Union Hill’s Garden Grows Community

Union Hill farm cart - 2018 - uta reimnitzThe Union Hill School garden has been getting a makeover, and the effects are rippling out into the community.  This fall, Union Hill welcomed a new farm to school liaison- Uta Reimnitz.  Uta and her family moved here 2 years ago, and since then she’s been sharing her enthusiasm for fresh local food by becoming involved in Sierra Harvest’s Farm to School program.  

With a background running the school garden at her son’s preschool, and a degree in environmental studies, Reimnitz has been energizing the school community around the garden, with the help of an encouraging administration and staff.

“Principal Limov has been super supportive!  When we originally spoke about me becoming the Farm to School liaison, he asked me if I had any interest in getting the school garden going again.  After I said yes, he was out there the next afternoon with his own weed whacker getting started!”

The energy around the garden has impacted the school’s garden cart as well.  As part of Farm to School, each school runs its own garden cart stocked with fresh, local produce from the school’s farm partner (in this case Starbright Acres Family Farm), as well as any fresh fruit and veggie donations from the school community at large. 

Union Hill is the largest K-8 school in the area, with over 700 students.  In the past it has been difficult for the cart to provide enough produce to serve everyone, but now the garden is helping to provide some of the extra bounty. 

This year, the 5th grade garden club would go to the garden and help harvest cherry tomatoes at lunchtime for the cart the next day. Additionally, Reimnitz was able to reach out to many grandparents through the school community who had productive gardens and they were able to help stock the cart.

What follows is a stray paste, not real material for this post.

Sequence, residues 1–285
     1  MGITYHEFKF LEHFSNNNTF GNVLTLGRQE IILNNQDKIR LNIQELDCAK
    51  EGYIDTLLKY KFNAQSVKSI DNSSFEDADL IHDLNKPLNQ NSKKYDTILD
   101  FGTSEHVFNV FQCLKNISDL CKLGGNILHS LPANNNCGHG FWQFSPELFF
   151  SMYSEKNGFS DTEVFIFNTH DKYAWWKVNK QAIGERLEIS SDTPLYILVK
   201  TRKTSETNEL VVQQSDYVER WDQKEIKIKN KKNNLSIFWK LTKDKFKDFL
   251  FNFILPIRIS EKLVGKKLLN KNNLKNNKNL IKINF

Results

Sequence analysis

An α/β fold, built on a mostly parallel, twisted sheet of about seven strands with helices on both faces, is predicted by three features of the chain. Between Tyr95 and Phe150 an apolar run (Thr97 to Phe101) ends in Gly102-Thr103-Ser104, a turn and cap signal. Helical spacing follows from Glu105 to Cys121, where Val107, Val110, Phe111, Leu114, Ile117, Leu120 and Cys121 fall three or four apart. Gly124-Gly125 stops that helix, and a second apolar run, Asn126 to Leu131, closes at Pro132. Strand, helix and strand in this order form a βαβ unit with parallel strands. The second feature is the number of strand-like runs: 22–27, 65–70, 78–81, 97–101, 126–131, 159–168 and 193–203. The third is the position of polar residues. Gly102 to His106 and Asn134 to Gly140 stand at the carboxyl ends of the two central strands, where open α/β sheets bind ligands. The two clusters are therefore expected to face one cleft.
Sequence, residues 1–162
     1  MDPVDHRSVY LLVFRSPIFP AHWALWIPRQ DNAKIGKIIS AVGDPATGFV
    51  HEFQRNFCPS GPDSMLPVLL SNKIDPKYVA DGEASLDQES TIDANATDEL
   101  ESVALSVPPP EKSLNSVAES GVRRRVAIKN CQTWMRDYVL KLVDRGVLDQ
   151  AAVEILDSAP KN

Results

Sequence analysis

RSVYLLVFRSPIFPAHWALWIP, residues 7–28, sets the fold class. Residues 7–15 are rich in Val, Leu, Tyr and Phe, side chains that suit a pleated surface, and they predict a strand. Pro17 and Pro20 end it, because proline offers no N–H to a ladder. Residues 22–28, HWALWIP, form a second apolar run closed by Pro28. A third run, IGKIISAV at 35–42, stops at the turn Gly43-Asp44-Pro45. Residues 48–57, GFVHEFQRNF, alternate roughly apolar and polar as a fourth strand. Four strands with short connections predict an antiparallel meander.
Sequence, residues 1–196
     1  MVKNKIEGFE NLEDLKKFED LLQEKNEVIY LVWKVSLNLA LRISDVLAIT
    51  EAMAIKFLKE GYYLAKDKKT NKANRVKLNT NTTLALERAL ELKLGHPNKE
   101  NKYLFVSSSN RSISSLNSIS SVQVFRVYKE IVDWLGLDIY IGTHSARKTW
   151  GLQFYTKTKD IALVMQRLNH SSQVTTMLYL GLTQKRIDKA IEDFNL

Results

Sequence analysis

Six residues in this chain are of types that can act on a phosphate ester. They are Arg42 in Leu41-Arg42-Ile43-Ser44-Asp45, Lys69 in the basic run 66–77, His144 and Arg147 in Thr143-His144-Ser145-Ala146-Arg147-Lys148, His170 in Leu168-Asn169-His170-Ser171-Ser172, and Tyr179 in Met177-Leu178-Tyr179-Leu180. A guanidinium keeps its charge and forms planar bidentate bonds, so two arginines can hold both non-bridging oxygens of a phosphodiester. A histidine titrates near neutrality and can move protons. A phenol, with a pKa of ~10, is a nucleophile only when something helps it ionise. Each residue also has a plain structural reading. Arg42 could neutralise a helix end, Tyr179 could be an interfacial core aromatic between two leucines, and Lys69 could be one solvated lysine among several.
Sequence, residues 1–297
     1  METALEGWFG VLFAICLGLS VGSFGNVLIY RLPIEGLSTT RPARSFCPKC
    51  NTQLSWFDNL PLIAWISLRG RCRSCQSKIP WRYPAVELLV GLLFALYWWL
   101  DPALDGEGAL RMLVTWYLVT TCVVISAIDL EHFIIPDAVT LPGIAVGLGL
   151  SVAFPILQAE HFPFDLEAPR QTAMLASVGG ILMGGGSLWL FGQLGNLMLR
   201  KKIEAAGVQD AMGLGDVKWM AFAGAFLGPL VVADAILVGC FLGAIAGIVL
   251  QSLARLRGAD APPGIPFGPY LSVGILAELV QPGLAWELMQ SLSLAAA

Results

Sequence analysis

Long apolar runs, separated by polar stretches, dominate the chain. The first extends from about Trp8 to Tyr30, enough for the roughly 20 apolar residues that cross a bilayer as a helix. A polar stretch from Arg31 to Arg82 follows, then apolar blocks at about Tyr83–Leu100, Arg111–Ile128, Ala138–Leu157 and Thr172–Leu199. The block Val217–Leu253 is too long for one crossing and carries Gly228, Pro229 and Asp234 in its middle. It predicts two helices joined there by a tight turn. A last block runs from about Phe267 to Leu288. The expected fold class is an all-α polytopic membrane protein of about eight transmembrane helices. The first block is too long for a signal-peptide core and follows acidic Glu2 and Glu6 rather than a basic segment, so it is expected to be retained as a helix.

While a bountiful, intergenerational, donation-based school garden cart may seem too good to be true- that’s exactly what happened.  Grandparents were trading veggies, and kids were coming to school with money specifically for produce.  The cart was selling out in record time.  (All proceeds go back to supporting Farm to School programming at Union Hill School.)

Alas, with the change in weather, the cart is done for this season.  But the garden remains, and its energy is continuing to build.  Reimnitz and her parent volunteers just finished teaching a seed saving lesson, and there are plans to build more raised beds for the garden.  Older students are helping with garden projects as community service.  Reimnitz is preparing lessons so Union Hill teachers and students can take full advantage of this outdoor classroom.  Numerous parents have volunteered to be garden docents and help teach in the garden.  It is truly a community effort thanks to Uta’s leadership. 

To learn more about Sierra Harvest’s Farm to School program, visit  If you would like to make a gift to support school garden and orchard programs, please call 530-265-2343 or donate online.

It’s time to take a closer look at your farm or ranch business!